Monday, February 02, 2015

December and January Books

Ancillary Sword by Ann Leckie (library book) - This is the sequel to Ancillary Justice and the payoff for being a careful reader in the previous book is a delightful romp in Ancillary Sword. I am not sure I understand why our main character decided it was worth it to spend two weeks on a backwoods planet dealing with the equivalent of a slave rebellion. I'm not saying the slaves aren't important (they're all Citizens, after all), but I just don't completely understand why Breq is all hanging out there WHEN THERE'S A CIVIL WAR happening.  BUT.  I trust Leckie knows what she's doing and I will be waiting on tenterhooks for the next book in the trilogy.

Brown Girl Dreaming by Jacqueline Woodson (library book) - Ugh. I don't like memoirs and this was a memoir in free verse. I can't. National Book Award winner or not, this book was not for me.

The Geography of You and Me by Jennifer E. Smith (library book) -  Perfectly acceptable young adult literature, if somewhat boring after the first few chapters. The initial premise was interesting, but that premise just faded away into a generic novel.

Dept. of Speculation by Jenny Offill (library book) -  The reason this book is getting a lot of attention is because of the format - it's told as a series of snippets from the narrator's perspective through stream of consciousness - not because it's terribly interesting or develops any new themes on love and life. It's terribly good at creating a sense of foreboding and melancholy, so much so that I was simply miserable when I finished, convinced that the sense of foreboding was realized in the end.  I don't know if I'd recommend it exactly, but if you're interested in literary experimentation, you might enjoy it.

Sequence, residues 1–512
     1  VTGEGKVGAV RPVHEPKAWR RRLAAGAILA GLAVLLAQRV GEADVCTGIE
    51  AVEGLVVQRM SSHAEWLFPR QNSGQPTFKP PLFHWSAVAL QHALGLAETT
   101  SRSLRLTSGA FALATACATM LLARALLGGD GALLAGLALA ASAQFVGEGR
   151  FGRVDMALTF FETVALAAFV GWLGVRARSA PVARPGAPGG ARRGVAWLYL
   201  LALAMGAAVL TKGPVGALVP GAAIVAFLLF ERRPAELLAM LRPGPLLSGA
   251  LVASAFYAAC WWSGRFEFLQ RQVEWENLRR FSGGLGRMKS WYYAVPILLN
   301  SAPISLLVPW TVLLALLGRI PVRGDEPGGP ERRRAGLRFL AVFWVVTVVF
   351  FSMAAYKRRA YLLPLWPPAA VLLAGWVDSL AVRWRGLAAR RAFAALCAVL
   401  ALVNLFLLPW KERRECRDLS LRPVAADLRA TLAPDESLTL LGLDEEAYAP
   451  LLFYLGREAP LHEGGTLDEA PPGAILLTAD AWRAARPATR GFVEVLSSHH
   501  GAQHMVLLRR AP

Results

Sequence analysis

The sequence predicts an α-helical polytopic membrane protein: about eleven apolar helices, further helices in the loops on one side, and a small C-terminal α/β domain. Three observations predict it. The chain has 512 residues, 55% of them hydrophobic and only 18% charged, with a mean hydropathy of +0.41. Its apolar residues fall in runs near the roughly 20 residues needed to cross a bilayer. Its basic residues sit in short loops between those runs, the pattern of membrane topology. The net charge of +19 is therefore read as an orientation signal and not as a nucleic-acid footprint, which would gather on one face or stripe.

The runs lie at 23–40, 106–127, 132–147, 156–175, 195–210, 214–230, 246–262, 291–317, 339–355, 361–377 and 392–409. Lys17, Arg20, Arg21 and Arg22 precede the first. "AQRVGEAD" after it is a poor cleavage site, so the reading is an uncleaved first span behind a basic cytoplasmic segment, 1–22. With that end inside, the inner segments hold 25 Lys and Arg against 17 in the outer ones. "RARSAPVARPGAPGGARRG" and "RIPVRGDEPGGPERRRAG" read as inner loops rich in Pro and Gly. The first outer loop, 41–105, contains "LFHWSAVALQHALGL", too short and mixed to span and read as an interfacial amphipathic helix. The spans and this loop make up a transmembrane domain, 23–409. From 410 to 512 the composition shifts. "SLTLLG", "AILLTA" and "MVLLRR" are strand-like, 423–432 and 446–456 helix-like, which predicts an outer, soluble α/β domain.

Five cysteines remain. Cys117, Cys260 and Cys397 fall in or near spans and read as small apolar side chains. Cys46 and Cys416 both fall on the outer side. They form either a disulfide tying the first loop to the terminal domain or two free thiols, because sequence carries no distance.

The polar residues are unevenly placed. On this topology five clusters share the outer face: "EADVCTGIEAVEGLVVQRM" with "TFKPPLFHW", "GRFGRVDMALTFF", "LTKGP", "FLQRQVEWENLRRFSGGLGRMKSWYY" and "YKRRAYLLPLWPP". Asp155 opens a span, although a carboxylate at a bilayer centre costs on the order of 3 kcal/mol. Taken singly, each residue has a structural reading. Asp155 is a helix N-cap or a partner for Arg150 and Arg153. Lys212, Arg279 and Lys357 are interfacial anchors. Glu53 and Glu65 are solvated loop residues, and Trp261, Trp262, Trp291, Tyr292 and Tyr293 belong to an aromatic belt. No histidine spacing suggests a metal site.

Wolf in White Van by John Darnielle (library book) -  Pros:  The book has an interesting twist - it's told from the end of the story to the beginning, to the event that started the rest of the dominoes of the story. It's great at mood setting and it asks some interesting questions about being human (that's deliberately vague to avoid spoilers).  Cons: It was sold to me as something folks who liked Ready Player One would like and it's nothing like Ready Player One, although some of the gamer stuff was interesting.  Also, I just didn't care about the character, the BIG EVENT, or much of anything else about the world in which it was set. The ending/beginning was nebulous enough to make me want to hurl the book across the room.  So, I guess I'd give it an underwhelming positive review.

The Perks of Being a Wallflower by Stephen Chbosky (library book) - This has been on my library list forever, at least since I regularly taught high school students who regularly suggested I read this book. I regularly put off reading it because it was recommended to me by high schoolers.  Anyway, of course, I loved it. The character was real, it showed how all that can be good can be bad, and although there was a bit of where the hell are the parents, it consistently showcased appropriate consequences for actions in way that resonated with me.  If you haven't read it yet, I highly recommend that you do so.

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